First, they worked to establish laws in the parliament following the period of Saddam Hussein’s government.

“The laws were to protect minorities and to protect the state of multiculturalism and diversity there,” he said. “The second part was the educational system. We realised that there was many problems, particularly with the subject of history and religion. A lot of misunderstanding and stereotypes came from these two subjects.

“We sought to change them, to propose a different curriculum for all the kids and get them involved and connected with each other.

“We also tried to encourage students and postgraduate students in the university to make their thesis and research in the field of multiculturalism, diversity and minorities in Iraq.”

“The third thing was establishing the Iraqi interfaith consul that include many different clerics from different sects and religions - Christianity, Islam, etc.” “There are more than five kinds of Christianity in Iraq and we have more than 10 kinds of Islam.”

“This consul was very important because for the first time it put the religious leaders in a continuous and growing relationship and communication. They meet with each other regularly - maybe two or three times quarterly.

“Finally there was the project of “citizenship ambassadors”. It was begun in 2012 in Iraq. The idea was that we needed to work on the young people there. We trained 400 people from different parts of Iraq.

“Each of them started to have some workshops for local people of each village. The workshop was over two weeks. The first week was to teach people about diversity and multiculturalism in Iraq. Many people do not know about the other people there. We had to introduce them. We had to explain that Jewish people had lived in Iraq for more than 26 centuries and they are natives of this country. We have Christians, Yazidi, Mandaien and so on.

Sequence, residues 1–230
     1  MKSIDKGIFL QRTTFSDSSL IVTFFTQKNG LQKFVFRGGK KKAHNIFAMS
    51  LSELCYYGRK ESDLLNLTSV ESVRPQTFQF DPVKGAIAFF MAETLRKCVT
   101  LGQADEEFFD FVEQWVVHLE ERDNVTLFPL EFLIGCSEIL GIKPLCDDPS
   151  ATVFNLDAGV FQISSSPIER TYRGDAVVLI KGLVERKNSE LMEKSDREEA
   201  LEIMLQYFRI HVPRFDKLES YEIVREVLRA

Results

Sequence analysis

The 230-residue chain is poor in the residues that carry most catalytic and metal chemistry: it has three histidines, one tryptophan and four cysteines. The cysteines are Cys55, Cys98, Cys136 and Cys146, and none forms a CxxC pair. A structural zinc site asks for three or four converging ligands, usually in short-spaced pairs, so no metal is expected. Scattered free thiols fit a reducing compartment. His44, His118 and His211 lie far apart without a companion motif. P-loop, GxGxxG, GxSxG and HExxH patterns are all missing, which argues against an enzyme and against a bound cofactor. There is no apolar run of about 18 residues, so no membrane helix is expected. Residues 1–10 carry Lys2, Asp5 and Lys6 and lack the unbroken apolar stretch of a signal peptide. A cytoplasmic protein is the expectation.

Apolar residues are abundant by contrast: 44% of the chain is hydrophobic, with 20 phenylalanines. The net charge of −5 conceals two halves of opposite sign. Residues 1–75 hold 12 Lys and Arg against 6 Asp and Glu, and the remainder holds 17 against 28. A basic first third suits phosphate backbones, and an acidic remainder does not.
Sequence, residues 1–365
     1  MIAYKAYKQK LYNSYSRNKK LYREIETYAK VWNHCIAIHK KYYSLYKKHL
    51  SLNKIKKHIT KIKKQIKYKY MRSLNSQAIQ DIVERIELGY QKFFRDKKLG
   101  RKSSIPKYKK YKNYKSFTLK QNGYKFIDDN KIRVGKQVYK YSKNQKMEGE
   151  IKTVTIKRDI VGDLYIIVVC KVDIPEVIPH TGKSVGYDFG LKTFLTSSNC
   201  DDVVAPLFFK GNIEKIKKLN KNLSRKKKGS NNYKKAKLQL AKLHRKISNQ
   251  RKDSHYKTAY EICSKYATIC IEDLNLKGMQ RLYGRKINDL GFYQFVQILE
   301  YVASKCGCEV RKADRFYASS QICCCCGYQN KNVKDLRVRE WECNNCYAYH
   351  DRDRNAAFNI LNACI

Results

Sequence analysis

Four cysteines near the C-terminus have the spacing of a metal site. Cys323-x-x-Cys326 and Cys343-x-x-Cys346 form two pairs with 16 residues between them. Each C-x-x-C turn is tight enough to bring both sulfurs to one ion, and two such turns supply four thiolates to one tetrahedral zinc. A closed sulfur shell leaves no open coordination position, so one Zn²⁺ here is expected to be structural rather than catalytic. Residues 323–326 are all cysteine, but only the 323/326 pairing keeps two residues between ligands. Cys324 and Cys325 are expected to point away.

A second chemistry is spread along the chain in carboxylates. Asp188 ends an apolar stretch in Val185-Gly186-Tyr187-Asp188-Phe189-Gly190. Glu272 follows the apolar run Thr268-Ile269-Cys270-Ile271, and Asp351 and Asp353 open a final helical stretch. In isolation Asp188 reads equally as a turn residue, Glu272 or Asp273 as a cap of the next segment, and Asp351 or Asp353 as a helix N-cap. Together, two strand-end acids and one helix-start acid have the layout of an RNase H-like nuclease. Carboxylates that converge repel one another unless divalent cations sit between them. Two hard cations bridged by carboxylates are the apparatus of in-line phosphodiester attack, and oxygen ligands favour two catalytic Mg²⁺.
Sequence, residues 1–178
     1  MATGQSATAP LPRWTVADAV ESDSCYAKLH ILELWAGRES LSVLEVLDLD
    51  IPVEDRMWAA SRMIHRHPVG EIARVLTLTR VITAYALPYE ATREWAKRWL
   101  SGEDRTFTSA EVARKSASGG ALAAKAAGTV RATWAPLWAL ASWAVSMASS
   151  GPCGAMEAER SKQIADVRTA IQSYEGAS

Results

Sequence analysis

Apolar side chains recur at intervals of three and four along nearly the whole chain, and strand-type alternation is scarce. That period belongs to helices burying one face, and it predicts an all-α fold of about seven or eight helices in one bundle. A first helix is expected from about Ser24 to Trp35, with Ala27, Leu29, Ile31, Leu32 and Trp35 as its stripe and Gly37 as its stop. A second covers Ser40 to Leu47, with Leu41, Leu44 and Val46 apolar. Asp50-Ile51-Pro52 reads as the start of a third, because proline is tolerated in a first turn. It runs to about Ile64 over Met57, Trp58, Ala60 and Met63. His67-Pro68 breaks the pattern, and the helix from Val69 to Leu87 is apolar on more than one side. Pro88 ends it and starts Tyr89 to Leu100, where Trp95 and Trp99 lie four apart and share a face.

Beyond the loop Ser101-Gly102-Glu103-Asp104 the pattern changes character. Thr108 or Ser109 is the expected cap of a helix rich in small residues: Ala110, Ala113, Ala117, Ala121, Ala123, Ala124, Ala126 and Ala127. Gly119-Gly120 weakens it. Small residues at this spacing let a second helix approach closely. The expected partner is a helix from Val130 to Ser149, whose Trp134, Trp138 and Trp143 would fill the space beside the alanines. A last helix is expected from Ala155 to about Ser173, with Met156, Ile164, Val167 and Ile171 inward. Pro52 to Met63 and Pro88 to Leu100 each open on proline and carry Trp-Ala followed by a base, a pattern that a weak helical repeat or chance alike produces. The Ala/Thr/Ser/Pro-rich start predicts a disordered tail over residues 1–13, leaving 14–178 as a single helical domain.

“The second week was visiting religious sites. We got Moslems to visit a church and see what a church is exactly. And the same thing for Christians - to come and visit the holy site of Moslems and to see that there is not a very big difference. We all worship one God and there is a lot of similarity between all these people.”

Dr Mamouri said this project was continuing in Iraq and showed many slides of the different groups involved. Nevertheless, he said, despite the many good things that had been achieved in a short time, the situation was expected to get worse and Iraq could lose many of its minorities.

He repeated that the real problem was “the issue of the self and the other”.

“We have to criticise that and we have to fix that as much as we can, although we can’t get rid of it completely,” he said. “We can improve relationships with other people and criticise the negative things we think of other people.”

During the question-and-answer session that followed his talk, Dr Mamouri said there must be a stronger role for the international community to play in Iraq.

“We can’t just step back,” he said. “We have to do something for the people. We have to help the people because they cannot get rid of ISIS, the most strong and powerful terrorist group there.

“They are more than 40,000 soldiers. A lot of them came from western countries - around two thousand people. We have to help the Iraq’s elected government and the minority and majority of the country, the Sunni, Christian, Shiite and other groups.

“We can help them, not necessarily by sending troops on the ground, but by equipping the military forces, by forcing the regional powers to help Iraq.”

Asked about the Kurdish push for independence, Dr Mamouri said it was necessary in the short term for all Iraqis to stick together. After they overcame the extreme elements in the country the democratic process could be used to bring about independence, but it was important to recognise that independence could act like a cancer, with more and more groups wanting to get independence.

Read more news from Warrane College